Catherine, in her own words, is “a writer, self-publisher and caffeine enthusiast from Cork, Ireland.”
I first saw Catherine’s blog, ‘Catherine, Caffeinated‘,
in the summer, when I was starting to explore the option of self publishing. To promote her new book,
SELF-PRINTED: THE SANE PERSON’S GUIDE TO SELF-PUBLISHING (3rd edition),
Catherine invited bloggers, twitters, and Facebook page-owners to present her with a question about self-publishing, that she’d answer (along with an offer to receive a digital copy of Self-Printed 3.0). The following is my question, and Catherine’s answer.
Q: I intend to self-publish a mainstream contemporary novel. On the Internet, most of the information about discoverability of self-published books and e-books pertains to genre fiction (e.g. romance/thrillers/science-fiction/fantasy/YA). The rest falls under the large umbrella of ‘literary & fiction’, with subdivisions for historical/literary/women’s fiction. ‘Mainstream fiction’, however, falls between the cracks of this genre-oriented system.
What is your advice for making a self-published mainstream novel visible?
A: I have to be blunt and say I just don’t believe there’s any book that can’t be shoehorned into a category or genre for promotional sake, but that’s an argument for another day…
Your point is that most of the advice you find online is orientated towards genres of fiction that are not yours (and we’ll agree to disagree on why they’re not yours). But here’s all your have to do to start to promote your book online: find readers who are predisposed to liking it because they like something else that was similar. This “something else” doesn’t have to be a genre – it can be a single book. So let’s say you’ve written the next To Rise Again at a Decent Hour. That’s a book that’s difficult to categorize into a specific genre, and book bloggers who love crime and Goodreads groups dedicated to steampunk are going to be of no use to you. So I would think of another book that is (a) similar to yours, (b) was published recently and (c) sold well, ideally hit the bestseller lists. Let’s say sake of argument that we came up with The Bone Clocks by David Mitchell.
Now I would:
1. Look up The Bone Clocks on Amazon and make a list of the titles that appear in “Customers Also Bought”. Going forward we’re going to rely on as many of those titles as we think are relevant, plus The Bone Clocks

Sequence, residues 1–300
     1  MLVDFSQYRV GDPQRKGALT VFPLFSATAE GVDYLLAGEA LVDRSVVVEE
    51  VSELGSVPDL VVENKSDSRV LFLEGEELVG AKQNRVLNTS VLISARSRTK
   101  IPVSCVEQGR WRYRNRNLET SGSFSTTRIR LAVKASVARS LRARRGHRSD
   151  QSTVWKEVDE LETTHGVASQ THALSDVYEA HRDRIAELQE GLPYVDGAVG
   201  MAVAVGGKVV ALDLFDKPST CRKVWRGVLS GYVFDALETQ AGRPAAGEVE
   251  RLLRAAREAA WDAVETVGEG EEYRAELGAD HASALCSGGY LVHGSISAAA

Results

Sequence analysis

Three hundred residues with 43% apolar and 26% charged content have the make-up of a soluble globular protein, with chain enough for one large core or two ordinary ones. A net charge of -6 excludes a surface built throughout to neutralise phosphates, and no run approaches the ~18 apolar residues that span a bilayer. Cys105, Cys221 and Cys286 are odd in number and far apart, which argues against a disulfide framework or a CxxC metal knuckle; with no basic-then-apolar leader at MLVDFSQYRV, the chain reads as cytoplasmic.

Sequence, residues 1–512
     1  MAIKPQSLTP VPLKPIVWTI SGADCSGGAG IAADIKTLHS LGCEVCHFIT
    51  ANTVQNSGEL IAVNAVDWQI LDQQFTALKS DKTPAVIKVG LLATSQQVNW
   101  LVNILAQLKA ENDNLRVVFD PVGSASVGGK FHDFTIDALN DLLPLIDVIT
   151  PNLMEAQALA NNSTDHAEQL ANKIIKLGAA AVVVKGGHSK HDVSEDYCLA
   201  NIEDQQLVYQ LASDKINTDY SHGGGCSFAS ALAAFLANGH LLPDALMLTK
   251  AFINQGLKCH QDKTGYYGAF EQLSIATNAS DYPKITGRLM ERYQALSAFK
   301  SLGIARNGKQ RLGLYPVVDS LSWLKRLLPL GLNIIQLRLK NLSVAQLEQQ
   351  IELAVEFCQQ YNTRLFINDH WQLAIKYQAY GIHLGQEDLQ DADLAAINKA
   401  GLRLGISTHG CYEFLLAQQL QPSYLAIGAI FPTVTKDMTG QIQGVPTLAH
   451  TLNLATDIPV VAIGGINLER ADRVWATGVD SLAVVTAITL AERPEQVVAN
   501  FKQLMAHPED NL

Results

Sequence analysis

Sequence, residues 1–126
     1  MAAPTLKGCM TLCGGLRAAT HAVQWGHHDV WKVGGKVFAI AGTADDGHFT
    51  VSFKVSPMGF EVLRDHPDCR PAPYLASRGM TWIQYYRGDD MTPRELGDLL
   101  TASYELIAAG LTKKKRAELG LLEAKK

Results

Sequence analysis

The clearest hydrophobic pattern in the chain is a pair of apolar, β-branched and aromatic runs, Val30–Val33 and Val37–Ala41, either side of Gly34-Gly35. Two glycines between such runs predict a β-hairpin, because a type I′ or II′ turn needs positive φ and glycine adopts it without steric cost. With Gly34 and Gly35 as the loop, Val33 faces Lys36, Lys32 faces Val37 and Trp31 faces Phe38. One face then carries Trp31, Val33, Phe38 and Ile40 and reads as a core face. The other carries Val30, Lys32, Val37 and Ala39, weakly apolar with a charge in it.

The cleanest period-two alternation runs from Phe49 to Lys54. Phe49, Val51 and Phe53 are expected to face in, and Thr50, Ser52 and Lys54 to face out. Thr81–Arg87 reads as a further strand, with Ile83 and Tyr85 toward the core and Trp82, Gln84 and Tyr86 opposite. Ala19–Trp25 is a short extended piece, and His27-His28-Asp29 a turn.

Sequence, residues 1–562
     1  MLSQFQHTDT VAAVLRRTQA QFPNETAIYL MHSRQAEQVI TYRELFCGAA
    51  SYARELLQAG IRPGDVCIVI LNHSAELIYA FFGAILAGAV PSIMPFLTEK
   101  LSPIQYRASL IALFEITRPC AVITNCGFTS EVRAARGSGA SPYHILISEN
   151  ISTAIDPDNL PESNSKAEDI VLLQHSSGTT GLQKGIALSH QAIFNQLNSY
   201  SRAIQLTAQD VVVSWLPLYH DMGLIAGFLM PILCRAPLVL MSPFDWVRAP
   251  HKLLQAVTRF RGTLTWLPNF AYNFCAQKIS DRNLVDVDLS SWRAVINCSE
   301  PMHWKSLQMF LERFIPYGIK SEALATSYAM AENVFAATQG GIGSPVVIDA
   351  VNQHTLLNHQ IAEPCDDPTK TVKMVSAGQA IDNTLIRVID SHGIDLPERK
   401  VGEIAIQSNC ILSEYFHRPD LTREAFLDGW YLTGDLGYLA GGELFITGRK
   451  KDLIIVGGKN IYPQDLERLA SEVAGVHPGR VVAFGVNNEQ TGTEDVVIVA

2. Find the book’s Goodreads page and contact the users who gave it 5* and are accepting messages. (You can send private messages to non-friends but they are limited to I think around 12 a day). Offer them a complimentary copy of your book to review. Set up a Goodreads giveaway while you’re at it.
3. Google the titles along with the word “review”. The first couple of pages of results will be newspapers and magazines, but keep going and you’ll get to the book bloggers who reviewed them. Contact them re: reviewing your book.
4. A KDP Select free promotion is a great way to get people to take a chance on your book AND to entice readers directly. Genre/category won’t matter here – the zero price will attract all.
5. Genre/category won’t matter on Twitter either. Use PicMonkey.com or Canva.com to make up some attractive Twitter graphics (look in publishing houses’ Twitter feeds for great examples) and run a giveaway for a day where entry is by retweeting and following. Hopefully by now you have a nice quote from a blogger about your book to add to the graphic, and when people look up the book on Amazon they’ll see a great sales rank and reviews, or lots of 5* ratings on Goodreads. What little genre cubbyhole your book does or doesn’t fit into has ceased to matter.
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Reblogged this on Writer's Business Kit and commented:
Abandoning my mystery to write a mainstream novel scares the hell out of me, not the least because I have no idea how to market one. Here’s a plan that sounds like it could work.
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